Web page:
The Baker Mayfield generation is off to a coarse get started in Charlotte.
The hopeful solution to the Panthers’ quarterbacking conundrum is 0-2 in his first two begins with his new staff, finishing 53.6 % of his passes for 380 yards, two touchdowns, one interception and a passer score of 79.5. In a phrase, Mayfield has been moderate, which is understandably now not good sufficient to win in nowadays’s NFL.
“Not good enough,” Mayfield mentioned Wednesday. “I only care about winning, no matter what my stats are. Haven’t taken care of the ball well enough. That’s pretty much the only stat I care about.
“I’ve were given to command this crew higher. I’ve to steer higher, I’ve to ensure everyone’s at the identical web page to the place we’re executing at a miles upper degree. That’s the largest unhappiness for me is that hasn’t proven but. So I take complete possession for that as an offense.”
Mayfield has encountered struggles that are familiar to those who watched him play in Cleveland. The 6-foot-1 quarterback has had nearly a dozen passes batted down at the line of scrimmage in his first two games, threw an ugly interception against the Browns in Week 1, and has struggled to connect with open targets. He’s fumbled five times (fortunately, the Panthers have recovered all of them) and also taken some unnecessary risks, though they haven’t produced as many turnovers as they did in his final season in Cleveland.
Most importantly, Carolina’s offense has struggled to establish a consistent rhythm. There have been bright spots — Mayfield nearly led the Panthers to a comeback win over Cleveland with an offensive explosion that included a 17-point fourth quarter and a 75-yard touchdown pass to Robbie Anderson — but it hasn’t been prevalent enough to inspire confidence in the group.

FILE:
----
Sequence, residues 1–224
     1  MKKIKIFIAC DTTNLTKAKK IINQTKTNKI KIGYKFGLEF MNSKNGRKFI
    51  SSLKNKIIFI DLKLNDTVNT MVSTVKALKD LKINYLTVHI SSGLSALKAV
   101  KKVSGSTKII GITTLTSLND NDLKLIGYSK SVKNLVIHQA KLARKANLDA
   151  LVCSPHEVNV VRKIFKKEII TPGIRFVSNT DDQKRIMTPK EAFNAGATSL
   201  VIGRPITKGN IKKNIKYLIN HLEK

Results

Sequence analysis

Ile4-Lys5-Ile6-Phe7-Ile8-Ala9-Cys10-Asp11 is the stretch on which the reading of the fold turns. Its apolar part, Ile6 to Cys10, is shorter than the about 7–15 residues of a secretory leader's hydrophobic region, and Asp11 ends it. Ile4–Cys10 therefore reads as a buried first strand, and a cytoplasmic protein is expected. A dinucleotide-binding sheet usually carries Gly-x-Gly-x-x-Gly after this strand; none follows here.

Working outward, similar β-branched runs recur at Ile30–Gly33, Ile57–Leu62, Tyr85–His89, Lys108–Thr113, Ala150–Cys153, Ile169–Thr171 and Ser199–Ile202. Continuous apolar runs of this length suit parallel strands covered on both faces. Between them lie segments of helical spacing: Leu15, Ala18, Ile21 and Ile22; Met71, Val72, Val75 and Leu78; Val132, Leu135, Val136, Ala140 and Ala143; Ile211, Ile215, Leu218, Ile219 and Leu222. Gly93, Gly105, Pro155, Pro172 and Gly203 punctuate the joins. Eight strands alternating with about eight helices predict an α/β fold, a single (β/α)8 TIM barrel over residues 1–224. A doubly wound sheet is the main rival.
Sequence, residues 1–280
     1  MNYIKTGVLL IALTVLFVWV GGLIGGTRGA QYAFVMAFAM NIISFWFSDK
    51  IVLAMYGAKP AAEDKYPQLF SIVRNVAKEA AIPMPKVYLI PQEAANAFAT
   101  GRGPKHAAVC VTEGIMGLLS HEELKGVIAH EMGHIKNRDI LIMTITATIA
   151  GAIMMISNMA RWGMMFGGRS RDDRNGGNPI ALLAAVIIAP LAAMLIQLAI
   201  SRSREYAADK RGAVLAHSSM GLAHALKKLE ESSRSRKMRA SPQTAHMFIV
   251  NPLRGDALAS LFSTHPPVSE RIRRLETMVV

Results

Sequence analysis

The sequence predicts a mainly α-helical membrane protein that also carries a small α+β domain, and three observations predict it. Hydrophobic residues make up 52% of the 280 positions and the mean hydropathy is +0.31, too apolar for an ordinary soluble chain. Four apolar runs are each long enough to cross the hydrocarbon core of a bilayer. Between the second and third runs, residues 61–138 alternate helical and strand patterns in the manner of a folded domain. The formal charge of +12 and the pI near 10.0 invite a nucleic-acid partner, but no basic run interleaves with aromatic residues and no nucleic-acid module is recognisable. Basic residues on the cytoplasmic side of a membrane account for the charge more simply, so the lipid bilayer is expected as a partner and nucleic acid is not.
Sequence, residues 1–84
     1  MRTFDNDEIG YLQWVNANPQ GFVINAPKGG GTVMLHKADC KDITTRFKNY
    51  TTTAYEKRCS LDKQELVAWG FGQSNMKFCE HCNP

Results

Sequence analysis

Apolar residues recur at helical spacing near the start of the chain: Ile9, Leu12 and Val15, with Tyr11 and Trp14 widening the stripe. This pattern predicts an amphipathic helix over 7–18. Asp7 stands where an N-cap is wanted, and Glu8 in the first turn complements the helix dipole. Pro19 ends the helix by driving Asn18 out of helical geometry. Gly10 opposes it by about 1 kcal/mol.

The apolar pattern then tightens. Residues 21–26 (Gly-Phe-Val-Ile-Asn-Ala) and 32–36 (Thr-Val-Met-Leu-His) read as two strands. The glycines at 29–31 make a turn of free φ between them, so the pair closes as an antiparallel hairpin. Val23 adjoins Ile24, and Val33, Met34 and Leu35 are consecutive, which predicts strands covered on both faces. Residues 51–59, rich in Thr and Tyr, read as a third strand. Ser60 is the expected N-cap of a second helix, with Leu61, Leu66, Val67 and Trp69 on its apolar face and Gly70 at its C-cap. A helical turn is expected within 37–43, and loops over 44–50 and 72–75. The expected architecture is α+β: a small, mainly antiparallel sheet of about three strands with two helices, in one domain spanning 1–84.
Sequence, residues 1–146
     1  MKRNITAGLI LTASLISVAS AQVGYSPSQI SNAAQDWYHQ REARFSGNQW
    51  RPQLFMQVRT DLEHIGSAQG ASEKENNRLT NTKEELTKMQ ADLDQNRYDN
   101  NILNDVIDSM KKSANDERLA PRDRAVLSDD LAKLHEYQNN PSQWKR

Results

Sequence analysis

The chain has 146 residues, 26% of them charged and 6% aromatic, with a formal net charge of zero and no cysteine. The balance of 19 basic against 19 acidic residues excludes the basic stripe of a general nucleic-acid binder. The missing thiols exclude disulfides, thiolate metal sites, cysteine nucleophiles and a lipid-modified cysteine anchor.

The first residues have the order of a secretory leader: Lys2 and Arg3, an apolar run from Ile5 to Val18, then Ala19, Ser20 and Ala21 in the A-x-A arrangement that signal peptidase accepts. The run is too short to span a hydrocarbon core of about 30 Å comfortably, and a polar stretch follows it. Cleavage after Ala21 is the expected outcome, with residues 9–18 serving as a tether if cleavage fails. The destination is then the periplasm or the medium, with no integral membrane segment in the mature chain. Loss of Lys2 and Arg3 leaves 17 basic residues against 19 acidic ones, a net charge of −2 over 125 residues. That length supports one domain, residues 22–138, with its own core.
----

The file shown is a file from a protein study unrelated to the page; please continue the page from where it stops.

Instead, the Panthers have failed to get Christian McCaffrey going, and Mayfield has been forced to shoulder much of the offensive load. To this point, he hasn’t proven capable of using such responsibility to the Panthers’ advantage.
The issues that led Cleveland to seek a new quarterback have carried over to Carolina, where Mayfield has extended his streak of sub-100 passer rating games to eight. It’s the longest such streak in his career and tied for the second-longest active streak in the NFL.
Simply put, Mayfield needs to be better. He’s facing an opponent this week in New Orleans — a team that hasn’t allowed an opposing starting quarterback to post a 100-plus passer rating in any of their last eight games — that won’t make the going easy on him.
On the bright side, Mayfield sees a reason for optimism.
“We’ve proven our doable in little stints,” Mayfield said. “We’ve proven flashes. We must be extra constant. You can see the explosive performs that may occur after we do exactly our activity and we string a pair good performs in combination.”
Now it’s about establishing such consistency. The fate of Carolina’s season — and head coach Matt Rhule’s job — could depend upon it.